Kosher Dinner returns to Temple Beth Shalom, offering delicious dishes with a taste of history
A happy buzz of laughter and conversation filled the kitchen at Temple Beth Shalom on a recent afternoon, as women gathered to bake hamantaschen for the 72nd annual Kosher Dinner.
The enticing scent of vanilla, dates and strawberry jam wafted into the hallway.
Hamantaschen, triangular cookies with jam in the middle, are traditionally made during the Jewish holiday of Purim. “We’ll have a Purim party for the kids and serve the cookies,” said Annette Goldstein, wife of Rabbi Michael Goldstein. “Whatever isn’t eaten we’ll sell at the dinner.”
As with many Jewish foods, there’s a story behind the recipe. Hamantaschen is a Yiddish term that means “Haman’s pockets.” Rabbi Goldstein said, “These pastries come out of Europe from the Middle Ages.” They are baked for Purim because the holiday commemorates the deliverance of the Jewish people from Haman’s plan to destroy them.
Annette Goldstein had the dough already mixed and ready to roll out when the women arrived. “I used about 20 pounds of flour and three pounds of margarine,” she said, as she surveyed the bustling kitchen.
For seven decades, the Jewish community has offered a taste of its food and culture to neighbors. “It’s gotten much bigger,” Rabbi Goldstein said of the March 10 event. “We serve an average of 2,000 meals.”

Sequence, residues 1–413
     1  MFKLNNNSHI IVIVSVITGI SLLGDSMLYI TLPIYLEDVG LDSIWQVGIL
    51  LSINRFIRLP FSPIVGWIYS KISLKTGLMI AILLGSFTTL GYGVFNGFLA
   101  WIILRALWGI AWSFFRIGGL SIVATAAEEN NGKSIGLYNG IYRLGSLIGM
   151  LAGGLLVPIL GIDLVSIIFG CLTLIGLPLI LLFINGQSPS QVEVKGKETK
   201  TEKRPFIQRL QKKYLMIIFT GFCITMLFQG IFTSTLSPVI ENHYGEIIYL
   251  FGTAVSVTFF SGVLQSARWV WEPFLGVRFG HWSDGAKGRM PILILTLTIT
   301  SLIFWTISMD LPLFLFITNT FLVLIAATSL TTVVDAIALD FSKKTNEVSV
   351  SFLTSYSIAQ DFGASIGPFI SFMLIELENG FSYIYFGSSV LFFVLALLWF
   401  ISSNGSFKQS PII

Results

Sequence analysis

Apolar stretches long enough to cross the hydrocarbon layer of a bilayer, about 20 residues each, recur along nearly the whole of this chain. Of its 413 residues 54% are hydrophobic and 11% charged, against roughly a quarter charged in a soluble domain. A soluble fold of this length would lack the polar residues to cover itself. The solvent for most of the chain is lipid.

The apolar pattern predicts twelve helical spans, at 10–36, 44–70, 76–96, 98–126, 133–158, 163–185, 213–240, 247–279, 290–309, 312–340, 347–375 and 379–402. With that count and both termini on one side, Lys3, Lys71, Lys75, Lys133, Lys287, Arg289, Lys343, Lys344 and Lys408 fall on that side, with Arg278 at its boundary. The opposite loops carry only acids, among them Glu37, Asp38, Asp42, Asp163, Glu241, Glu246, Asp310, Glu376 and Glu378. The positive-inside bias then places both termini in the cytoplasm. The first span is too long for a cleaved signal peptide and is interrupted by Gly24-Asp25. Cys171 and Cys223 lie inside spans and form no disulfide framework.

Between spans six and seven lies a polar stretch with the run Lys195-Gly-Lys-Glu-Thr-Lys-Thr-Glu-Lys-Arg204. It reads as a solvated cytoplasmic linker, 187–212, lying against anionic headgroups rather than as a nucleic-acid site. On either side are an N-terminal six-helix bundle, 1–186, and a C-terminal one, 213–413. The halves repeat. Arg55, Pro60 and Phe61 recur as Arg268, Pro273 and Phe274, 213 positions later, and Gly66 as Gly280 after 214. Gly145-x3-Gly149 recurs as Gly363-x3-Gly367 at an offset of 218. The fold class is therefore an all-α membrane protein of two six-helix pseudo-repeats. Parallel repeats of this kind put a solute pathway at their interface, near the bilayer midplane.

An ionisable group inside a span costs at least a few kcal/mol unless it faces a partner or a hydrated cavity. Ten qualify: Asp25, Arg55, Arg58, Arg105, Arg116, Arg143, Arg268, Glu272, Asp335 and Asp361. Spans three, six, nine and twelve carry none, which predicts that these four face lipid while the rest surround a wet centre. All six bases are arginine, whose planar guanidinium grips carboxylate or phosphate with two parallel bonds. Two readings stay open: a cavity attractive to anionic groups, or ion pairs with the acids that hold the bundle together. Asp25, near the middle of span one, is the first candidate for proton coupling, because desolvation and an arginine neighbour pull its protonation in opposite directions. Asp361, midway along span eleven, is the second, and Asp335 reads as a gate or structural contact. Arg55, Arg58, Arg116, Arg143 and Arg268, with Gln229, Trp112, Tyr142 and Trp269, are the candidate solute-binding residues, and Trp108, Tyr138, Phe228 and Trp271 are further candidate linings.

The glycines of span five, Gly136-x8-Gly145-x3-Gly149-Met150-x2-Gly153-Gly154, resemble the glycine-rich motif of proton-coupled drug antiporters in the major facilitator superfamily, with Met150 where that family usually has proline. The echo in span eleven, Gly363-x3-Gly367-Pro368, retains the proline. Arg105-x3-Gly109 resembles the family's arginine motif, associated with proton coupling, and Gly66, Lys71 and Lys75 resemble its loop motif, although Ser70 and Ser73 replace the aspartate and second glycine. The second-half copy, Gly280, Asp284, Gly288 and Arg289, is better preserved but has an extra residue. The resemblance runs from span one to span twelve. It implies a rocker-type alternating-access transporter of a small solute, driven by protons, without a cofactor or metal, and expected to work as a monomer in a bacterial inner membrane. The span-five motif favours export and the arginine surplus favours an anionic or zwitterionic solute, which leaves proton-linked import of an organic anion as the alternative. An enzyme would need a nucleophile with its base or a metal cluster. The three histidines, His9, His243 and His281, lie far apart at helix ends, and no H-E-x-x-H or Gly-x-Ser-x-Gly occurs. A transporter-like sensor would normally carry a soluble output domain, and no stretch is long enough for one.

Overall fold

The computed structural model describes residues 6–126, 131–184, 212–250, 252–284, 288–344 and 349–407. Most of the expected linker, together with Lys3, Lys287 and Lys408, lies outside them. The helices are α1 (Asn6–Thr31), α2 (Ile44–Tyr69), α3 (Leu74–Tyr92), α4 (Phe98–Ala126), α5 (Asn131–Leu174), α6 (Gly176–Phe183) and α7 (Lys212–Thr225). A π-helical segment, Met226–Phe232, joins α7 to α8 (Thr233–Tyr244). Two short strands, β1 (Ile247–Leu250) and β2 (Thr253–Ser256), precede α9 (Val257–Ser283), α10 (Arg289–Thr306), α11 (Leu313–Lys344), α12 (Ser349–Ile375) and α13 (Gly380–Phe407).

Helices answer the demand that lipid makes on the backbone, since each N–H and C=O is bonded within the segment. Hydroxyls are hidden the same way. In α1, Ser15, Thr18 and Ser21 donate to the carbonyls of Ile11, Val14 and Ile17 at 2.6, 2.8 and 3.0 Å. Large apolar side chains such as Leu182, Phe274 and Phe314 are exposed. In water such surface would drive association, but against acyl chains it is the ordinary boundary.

The menu includes beef brisket, potato knishes, spiced apples, carrot tzimmes and apricot kuchen.
But the dinner is about sharing more than just traditional food. Upon arrival, guests will be ushered into the sanctuary while they wait to be seated for the meal. They will be treated to traditional Jewish music and Goldstein will explain the meaning of kosher.
Goldstein is particularly pleased about a new addition. “This year a group of our teens will be performing contemporary and popular music,” he said.
Meanwhile, back in the kitchen, a teenager had volunteered to help with the hamantaschen baking. “This is actually my first time baking, ever,” said Erin Kaya, 16, as she rolled out the dough. She’d already sampled one of the treats. She laughed. “Once you eat one, you can’t stop,” she said.
Other volunteers have more experience. “I’ve done it all,” said Phyllis Moss as she described the various delicacies she’s prepared. She’s been helping with the dinner since 1968. “They’re still using my brisket recipe,” she said. “But now the men are doing the cooking and the slicing.”
Kathy Golden is another longtime volunteer. “I started rolling silverware in napkins for each place setting in the basement of the old synagogue,” she said.
With thousands of meals served and homemade baked goods available for purchase, the event is a massive undertaking for the relatively small congregation.
But the volunteers consider the work their gift to the Spokane area. “We Jews love to eat and we love to feed people,” Golden said. “We look forward to entertaining and opening our house. It’s a way to say thank you to the community.”
Temple Beth Shalom members gathered during baking days before the dinner to make goodies, including hamantaschen, for the deli bar at the Kosher Dinner. Recipe courtesy of Temple Beth Shalom annual Kosher Dinner.